Accordingly, the Summa network may be configured with, and adapted to process, hyperlinks defining a Summa transaction. In other words, a hyperlink may define a Summa message that includes both the funds transfer part and the electronic content part which must be processed to complete a Summa transaction. Activation of such a hyperlink (i.e., a “Summa hyperlink”) by a Summa user will authorize payment to or from a user's Summa account concurrent with the delivery of the content part associated with the hyperlink to the user's ECD and with a concurrent debit or credit of funds to the Summa user posting the Summa hyperlink on his website to facilitate the payment and delivery of the goods or services being sold. Thus, the Summa hyperlink system and method allows a user to “instantly” pay for electronic content and to have the content immediately delivered to his ECD. Because this payment is mediated through the Summa network, it is more convenient than other payment methods in that it does not require the person to use a credit card or to create a user account for each web site. Moreover, while the payments made through a Summa hyperlink may be for any amount, these links may be most especially useful for micropayments of a few cents. For example, a user may activate a Summa link to pay a few cents to view a video, listen to a song, or to read premium content which is immediately delivered with the same action which confirms permission to make the payment. As many internet marketing methods employ the incentive of sharing income with persons who refer a buyer to their web site, this invention also provides an example of a way in which revenue sharing may be enabled in a Summa network.
Also, a Summa hyperlink may be configured to authorize payment to the Summa user activating the link proximate to the delivery of the associated content part. For example, an advertiser may pre-authorize a payment from the advertiser's Summa account to the Summa account of a user who activates a Summa hyperlink associated with a banner ad. In this case, the payment to the user activating the link would be made concurrently with the delivery of the electronic message (content) associated with the Summa transaction defined by the Summa hyperlink, or optionally, after additional conditions required by the advertiser were met, for example after the user had viewed the advertisement for at least twenty seconds.
Additional programming may be used to implement other “message types”, or “content types,” delivered through a Summa transaction. Different processing rules, both at the server side and the client side, may apply to various message types. A particularly useful message type would allow the content to be an address to a dynamically generated web page which would be delivered to the user as the content part of the Summa message. The ability to process and display a dynamic web page would have numerous advantages over the display of static messages which are currently required with SMTP email.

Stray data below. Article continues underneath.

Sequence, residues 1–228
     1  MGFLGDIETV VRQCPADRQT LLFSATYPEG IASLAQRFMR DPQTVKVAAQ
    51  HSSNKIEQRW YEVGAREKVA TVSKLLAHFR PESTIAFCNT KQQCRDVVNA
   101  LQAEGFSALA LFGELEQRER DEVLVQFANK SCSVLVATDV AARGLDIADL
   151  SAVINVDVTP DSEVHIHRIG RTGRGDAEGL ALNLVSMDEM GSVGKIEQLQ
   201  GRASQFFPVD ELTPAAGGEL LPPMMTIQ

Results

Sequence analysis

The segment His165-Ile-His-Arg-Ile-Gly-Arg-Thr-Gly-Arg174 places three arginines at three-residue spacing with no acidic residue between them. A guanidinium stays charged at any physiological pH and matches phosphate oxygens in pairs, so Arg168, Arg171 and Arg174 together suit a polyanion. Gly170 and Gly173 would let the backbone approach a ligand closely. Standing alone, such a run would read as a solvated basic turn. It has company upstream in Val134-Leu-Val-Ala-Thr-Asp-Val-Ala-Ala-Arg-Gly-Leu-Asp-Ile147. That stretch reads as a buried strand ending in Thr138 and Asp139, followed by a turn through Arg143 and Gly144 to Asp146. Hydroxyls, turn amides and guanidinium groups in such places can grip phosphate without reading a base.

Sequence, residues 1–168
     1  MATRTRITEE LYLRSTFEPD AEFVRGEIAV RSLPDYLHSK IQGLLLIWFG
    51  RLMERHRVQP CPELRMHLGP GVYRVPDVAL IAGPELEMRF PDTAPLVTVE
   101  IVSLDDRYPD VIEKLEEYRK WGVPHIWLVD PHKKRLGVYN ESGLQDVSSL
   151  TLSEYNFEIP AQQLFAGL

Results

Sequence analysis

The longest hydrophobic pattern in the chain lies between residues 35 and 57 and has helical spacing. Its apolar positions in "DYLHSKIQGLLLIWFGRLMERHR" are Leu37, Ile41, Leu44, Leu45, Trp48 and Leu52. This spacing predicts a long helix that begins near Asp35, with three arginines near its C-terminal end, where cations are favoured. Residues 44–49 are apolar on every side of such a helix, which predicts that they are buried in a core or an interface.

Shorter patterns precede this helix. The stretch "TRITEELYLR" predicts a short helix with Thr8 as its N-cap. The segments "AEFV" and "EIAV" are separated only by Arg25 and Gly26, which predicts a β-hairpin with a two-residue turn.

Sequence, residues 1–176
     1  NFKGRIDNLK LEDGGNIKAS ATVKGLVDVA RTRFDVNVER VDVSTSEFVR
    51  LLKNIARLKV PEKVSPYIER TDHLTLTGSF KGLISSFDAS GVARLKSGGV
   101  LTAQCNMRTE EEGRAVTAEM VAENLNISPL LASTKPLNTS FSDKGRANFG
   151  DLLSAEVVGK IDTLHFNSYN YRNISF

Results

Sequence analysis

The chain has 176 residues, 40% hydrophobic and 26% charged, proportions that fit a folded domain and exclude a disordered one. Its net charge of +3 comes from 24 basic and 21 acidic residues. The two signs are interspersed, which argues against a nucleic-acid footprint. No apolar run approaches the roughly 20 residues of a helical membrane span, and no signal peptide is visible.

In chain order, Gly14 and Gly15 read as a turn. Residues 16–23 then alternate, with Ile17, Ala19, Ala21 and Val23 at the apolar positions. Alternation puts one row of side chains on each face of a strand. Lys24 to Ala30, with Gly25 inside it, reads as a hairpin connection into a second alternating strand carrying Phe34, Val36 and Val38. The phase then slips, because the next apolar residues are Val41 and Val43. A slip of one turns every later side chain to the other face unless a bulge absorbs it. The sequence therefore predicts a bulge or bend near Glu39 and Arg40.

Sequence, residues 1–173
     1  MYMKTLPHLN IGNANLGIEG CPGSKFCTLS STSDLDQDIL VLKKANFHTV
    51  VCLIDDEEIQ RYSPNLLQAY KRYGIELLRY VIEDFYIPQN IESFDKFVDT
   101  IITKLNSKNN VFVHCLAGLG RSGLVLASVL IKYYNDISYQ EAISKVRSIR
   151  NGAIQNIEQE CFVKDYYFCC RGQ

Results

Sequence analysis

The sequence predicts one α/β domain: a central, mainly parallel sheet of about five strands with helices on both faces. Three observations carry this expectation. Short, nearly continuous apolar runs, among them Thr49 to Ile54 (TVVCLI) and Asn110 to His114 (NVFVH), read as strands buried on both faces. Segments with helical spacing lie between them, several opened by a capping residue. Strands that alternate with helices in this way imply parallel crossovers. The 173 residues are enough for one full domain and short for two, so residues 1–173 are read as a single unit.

Also, Summa transactions via the Summa hyperlink may be monitored to collect data useful for creating a profile of interests, purchases, and activities of users so this data may be used to improve the targeting of commercial messages and to also increase the value of each person's “market identity.” This market identity is a reflection of marketing information associated with an individual that is of value to marketers. Because the Summa network provides a means by which individual users may receive a micropayment from marketers every time they use the Summa network to contact a user, thereby increasing the value of the information collected, improving the targeting of messages, and increasing the amount that advertisers are willing to pay to more highly targeted prospects. In exchange for this payment, typically the marketer would receive the Summa account address of each user who view the ad, facilitating follow-up with interested prospects.
Although the terms “funds” or “money” transfer are used in this document, it is not intended that the terms be restricted to transfers involving cash or cash equivalents. Store credits, points or other representations of value may also be substituted or included under the identification of funds or money. Multiple currencies and store credits may be managed in association with a single Summa ID. Also, indirect transfers of funds or money may be perfected in the Summa network. Accordingly, Summa users have some flexibility and may use various payment schemes to match the payment or receipt methods preferred by particular users. For example, one user may choose to have an account directly with a central payment system, while another user may prefer to have an account with a third party, to which the central system (which would be part of the larger payment system that includes the third party) could transmit funds. The central payment system may itself have an account or other relationship with the third party for making such transfers.